He begins with the concept of supply and demand in journalism and how this relates to why the logs were given to only three newspapers rather than directly published online. And then, points out the ironies in how the White House has tried to avoid directly confronting the issue by diffusing the attention and focusing on the qualities of WikiLeaks’ reportage.
WikiLeaks exists everywhere. If one server is crashes, it can be switched on in another country. Thus, it is “beyond the reach of any government or legal system” and is free to release information without the restrictions of or partiality towards any nation because of the virtual space it exists in. In the case of the war logs (also applicable towards WikiLeak publications in general), a stateless news organization has created a particularly interesting paradigm in which the stateless organization has power over the confidential information belonging to states.
He also speculates the question if big revelations equate with big reactions? What if the story is too troubling and is viewed as “a mess we cannot fix and therefore prefer to forget?” Could cognitive dissonance be responsible for the reaction (or lack of) WikiLeaks has aroused? Where do we stand if “the job of fixing what is broken would break the system for such fixes?” Is there hope in WikiLeaks as a platform through which reform is catalyzed or in the concept of “transparency” if the nature of such reform is flawed and “if elites believe that reform is impossible because of the problems are too big, the sacrifices too great the public too distractible”?
“From Judith Miller to Julian Assange” Press Think, December 9, 2010.
This article discusses a 2002 New York Times article in which it was reported that Iraq was trying to buy the kind of aluminum tubes necessary to build a nuclear centrifuge. Over time, it was revealed that this information was misleading and ultimately inaccurate. Yet it was used by Bush administration to support their war views and the fact that it came from the New York Times gave it a certain credibility that resonated with the public opinion.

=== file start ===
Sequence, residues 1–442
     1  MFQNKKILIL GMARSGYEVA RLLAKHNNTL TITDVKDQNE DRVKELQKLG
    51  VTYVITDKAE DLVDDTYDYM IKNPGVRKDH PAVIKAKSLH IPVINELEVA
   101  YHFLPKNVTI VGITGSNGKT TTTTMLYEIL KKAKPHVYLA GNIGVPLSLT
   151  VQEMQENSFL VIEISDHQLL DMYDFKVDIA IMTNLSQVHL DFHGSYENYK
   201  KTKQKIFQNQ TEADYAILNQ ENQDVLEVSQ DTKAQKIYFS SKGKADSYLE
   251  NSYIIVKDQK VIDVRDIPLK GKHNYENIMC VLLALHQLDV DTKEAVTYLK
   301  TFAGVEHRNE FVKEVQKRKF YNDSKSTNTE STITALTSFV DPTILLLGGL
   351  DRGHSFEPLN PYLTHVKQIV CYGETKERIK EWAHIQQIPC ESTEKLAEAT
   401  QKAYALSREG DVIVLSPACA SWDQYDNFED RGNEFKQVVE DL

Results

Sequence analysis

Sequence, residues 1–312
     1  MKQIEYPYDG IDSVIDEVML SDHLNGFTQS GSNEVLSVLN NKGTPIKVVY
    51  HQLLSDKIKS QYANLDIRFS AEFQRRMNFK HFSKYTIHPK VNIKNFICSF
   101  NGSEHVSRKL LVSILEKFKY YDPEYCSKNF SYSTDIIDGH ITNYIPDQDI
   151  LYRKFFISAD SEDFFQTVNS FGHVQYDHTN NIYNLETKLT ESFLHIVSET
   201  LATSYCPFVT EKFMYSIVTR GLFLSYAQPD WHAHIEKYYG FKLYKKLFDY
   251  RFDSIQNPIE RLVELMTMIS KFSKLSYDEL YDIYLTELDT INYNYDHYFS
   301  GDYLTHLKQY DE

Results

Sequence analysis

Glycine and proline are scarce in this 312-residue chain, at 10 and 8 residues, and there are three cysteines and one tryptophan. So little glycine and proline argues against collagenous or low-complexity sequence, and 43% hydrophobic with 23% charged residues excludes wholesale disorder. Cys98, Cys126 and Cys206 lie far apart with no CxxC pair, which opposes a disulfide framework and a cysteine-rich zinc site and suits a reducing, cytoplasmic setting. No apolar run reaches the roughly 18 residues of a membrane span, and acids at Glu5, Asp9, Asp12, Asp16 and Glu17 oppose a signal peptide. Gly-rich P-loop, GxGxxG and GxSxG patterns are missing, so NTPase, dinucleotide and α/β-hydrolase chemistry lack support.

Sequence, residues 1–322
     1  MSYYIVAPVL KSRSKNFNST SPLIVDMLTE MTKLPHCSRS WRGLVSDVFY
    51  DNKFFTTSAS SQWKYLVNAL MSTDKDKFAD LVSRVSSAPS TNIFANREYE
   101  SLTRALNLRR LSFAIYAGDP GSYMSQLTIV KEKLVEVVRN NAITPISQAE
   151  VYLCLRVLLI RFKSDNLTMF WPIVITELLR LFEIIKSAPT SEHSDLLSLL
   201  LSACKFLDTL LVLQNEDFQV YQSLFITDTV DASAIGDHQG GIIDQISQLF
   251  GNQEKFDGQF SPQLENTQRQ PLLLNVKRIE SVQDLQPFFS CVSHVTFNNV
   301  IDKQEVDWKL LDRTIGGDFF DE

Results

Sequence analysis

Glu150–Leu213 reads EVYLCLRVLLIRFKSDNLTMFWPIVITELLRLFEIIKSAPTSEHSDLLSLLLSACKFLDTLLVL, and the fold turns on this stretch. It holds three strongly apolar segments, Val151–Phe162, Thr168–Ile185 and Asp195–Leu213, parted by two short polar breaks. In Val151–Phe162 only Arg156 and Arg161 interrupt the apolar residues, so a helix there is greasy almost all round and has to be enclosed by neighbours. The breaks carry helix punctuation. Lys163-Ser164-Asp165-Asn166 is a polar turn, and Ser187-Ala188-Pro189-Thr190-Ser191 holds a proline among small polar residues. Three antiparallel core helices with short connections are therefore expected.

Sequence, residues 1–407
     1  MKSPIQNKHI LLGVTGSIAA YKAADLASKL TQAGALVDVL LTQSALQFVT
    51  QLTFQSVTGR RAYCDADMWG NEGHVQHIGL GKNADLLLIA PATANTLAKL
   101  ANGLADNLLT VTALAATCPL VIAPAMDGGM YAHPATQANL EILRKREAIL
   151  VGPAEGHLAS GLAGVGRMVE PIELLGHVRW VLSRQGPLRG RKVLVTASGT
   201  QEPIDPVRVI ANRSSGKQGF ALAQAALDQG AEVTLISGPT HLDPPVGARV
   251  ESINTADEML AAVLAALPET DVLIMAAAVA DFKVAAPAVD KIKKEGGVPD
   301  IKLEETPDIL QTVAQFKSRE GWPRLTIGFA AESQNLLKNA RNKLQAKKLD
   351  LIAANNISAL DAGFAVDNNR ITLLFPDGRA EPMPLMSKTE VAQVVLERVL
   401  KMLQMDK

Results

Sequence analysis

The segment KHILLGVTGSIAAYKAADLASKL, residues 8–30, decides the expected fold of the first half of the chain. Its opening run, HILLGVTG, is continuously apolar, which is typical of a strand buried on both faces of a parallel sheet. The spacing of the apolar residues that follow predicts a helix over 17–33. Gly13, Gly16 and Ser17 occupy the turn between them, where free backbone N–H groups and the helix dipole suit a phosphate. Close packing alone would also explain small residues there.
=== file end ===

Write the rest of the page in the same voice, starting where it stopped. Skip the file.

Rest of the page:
When asked about the veracity of the article, Miller said, “my job isn’t to assess the government’s information and be an independent intelligence analyst myself. My job is to tell readers of The New York Times what the government thought about Iraq’s arsenal.”
This approach seems to contradict everything that journalistic integrity is supposed to stand for: finding the truth, testing the evidence, and reporting objective facts. These are the tenets that Julian Assange’s WikiLeaks are supposed to stand for, in an era where even the “top pyramid” media seemingly cannot be held accountable.
Q1: One way that WikiLeaks seeks to be more accountable than traditional media is by presenting its evidence in its entirety, often with some commentary but little editorial changes. Do you think that this is an effective way of disseminating information to the public? Do people have the time, energy or concern to read long, technical and dense articles about government, politics and wars? To what extent is Assange’s model more or less effective than the traditional news model?